Hey Garfield, don’t bogart that catnip!
This is Sandra Tsing Loh with the Loh Down on Science.
Our feline friends love to trip out on CERTAIN plants! Does all that euphoric chewing and rubbing have any other PAW-sitive effects?
Plants like catnip and silvervine make chemicals called iridoids. When they’re damaged, the plants release iridoids in the air to protect them from insects.
Reiko Uenoyama and team from Iwate University in Japan wondered how to maximize the potency. They measured the amount of iridoids in the air after cats chewed up the plants.
And? Damaged leaves created TEN times more iridoids than intact ones! Chewing silvervine leaves changed the plants’ chemical makeup. This helped them repel mosquitoes faster. The strongest bug-repelling leaves were also the cats’ favorite. They spent more time rubbing, licking, and chewing these damaged leaves. Little fiends!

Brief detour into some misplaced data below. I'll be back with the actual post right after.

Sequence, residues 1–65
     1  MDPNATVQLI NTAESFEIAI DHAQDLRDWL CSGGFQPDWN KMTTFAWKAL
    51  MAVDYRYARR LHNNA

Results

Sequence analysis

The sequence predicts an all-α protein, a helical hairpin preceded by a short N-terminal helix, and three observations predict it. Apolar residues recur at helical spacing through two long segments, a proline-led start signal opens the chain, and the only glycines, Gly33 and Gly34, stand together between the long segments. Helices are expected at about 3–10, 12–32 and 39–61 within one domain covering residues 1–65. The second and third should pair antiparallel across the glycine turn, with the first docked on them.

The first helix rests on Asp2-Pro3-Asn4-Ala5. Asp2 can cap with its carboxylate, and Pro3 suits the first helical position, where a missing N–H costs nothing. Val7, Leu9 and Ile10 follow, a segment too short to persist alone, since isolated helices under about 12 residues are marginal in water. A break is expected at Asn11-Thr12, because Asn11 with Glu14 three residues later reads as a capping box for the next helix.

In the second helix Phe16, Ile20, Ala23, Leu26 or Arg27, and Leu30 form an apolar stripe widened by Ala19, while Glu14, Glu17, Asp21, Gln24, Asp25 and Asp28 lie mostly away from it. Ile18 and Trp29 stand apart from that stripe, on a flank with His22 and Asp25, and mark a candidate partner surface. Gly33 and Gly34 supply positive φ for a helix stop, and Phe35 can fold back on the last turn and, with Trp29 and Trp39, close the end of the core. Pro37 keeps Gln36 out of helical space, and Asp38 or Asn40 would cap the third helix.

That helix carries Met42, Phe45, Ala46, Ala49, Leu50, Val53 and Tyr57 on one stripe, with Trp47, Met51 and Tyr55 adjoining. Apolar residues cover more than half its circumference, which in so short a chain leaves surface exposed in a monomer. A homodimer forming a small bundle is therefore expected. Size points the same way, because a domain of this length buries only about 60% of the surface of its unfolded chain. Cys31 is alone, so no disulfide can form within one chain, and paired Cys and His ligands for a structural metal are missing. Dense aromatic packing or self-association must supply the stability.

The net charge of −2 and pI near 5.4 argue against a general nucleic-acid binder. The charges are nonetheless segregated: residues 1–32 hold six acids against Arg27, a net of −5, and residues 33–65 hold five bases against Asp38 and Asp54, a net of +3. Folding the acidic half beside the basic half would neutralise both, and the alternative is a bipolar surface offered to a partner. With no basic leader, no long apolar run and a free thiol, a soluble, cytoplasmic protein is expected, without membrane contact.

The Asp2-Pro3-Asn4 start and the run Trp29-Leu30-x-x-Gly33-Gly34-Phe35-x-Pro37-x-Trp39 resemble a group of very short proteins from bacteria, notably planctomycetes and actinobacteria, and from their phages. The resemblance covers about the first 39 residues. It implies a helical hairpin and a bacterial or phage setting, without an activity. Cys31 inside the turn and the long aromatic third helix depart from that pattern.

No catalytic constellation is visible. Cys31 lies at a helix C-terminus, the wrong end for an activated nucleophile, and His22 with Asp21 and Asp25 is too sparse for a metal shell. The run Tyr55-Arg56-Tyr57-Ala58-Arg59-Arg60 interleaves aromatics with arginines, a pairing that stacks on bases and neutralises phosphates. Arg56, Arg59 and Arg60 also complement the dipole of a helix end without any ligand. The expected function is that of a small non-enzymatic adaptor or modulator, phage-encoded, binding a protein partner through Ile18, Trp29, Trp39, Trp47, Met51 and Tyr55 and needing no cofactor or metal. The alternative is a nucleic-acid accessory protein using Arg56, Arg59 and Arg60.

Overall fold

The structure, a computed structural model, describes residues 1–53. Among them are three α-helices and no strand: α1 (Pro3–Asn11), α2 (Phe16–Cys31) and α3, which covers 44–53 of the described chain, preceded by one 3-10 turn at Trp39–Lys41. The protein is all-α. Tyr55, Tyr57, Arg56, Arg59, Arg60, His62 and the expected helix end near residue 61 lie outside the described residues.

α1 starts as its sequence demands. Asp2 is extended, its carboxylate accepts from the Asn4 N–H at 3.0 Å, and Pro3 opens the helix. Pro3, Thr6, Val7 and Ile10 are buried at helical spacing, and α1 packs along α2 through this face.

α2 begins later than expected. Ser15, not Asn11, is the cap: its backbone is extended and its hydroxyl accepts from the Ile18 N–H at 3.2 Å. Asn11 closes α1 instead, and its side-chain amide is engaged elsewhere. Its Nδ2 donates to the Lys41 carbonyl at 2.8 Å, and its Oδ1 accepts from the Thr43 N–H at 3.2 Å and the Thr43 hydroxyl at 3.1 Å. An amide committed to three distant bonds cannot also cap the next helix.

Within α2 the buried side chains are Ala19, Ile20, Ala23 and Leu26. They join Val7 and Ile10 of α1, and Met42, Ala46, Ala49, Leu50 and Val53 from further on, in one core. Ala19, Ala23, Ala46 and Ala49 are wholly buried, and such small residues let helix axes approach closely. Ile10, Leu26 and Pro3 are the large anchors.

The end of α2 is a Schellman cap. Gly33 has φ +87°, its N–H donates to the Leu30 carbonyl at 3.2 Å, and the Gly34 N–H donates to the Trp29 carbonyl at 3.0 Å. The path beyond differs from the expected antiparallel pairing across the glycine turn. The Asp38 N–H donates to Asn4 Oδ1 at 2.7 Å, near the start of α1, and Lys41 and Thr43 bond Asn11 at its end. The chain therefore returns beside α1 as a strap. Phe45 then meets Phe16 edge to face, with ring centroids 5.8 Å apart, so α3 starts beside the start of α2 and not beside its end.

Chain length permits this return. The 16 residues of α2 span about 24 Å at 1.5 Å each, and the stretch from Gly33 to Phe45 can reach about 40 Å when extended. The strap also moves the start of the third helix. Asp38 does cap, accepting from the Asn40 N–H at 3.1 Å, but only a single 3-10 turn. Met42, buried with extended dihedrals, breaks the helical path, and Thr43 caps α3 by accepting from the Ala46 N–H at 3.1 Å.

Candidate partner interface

Turns out, our cats aren’t just chewing catnip for the buzz. After rolling in the sweet leaves, they’re coated in natural bug spray!
Beat it mo-skeeters! Garfield’s not here, MAN!
Reference: Uenoyama, R., Miyazaki, T., Adachi, M., Nishikawa, T., Hurst, J. L., & Miyazaki, M. (2022). Domestic cat damage to plant leaves containing iridoids enhances chemical repellency to pests. IScience, 104455. https://doi.org/10.1016/j.isci.2022.104455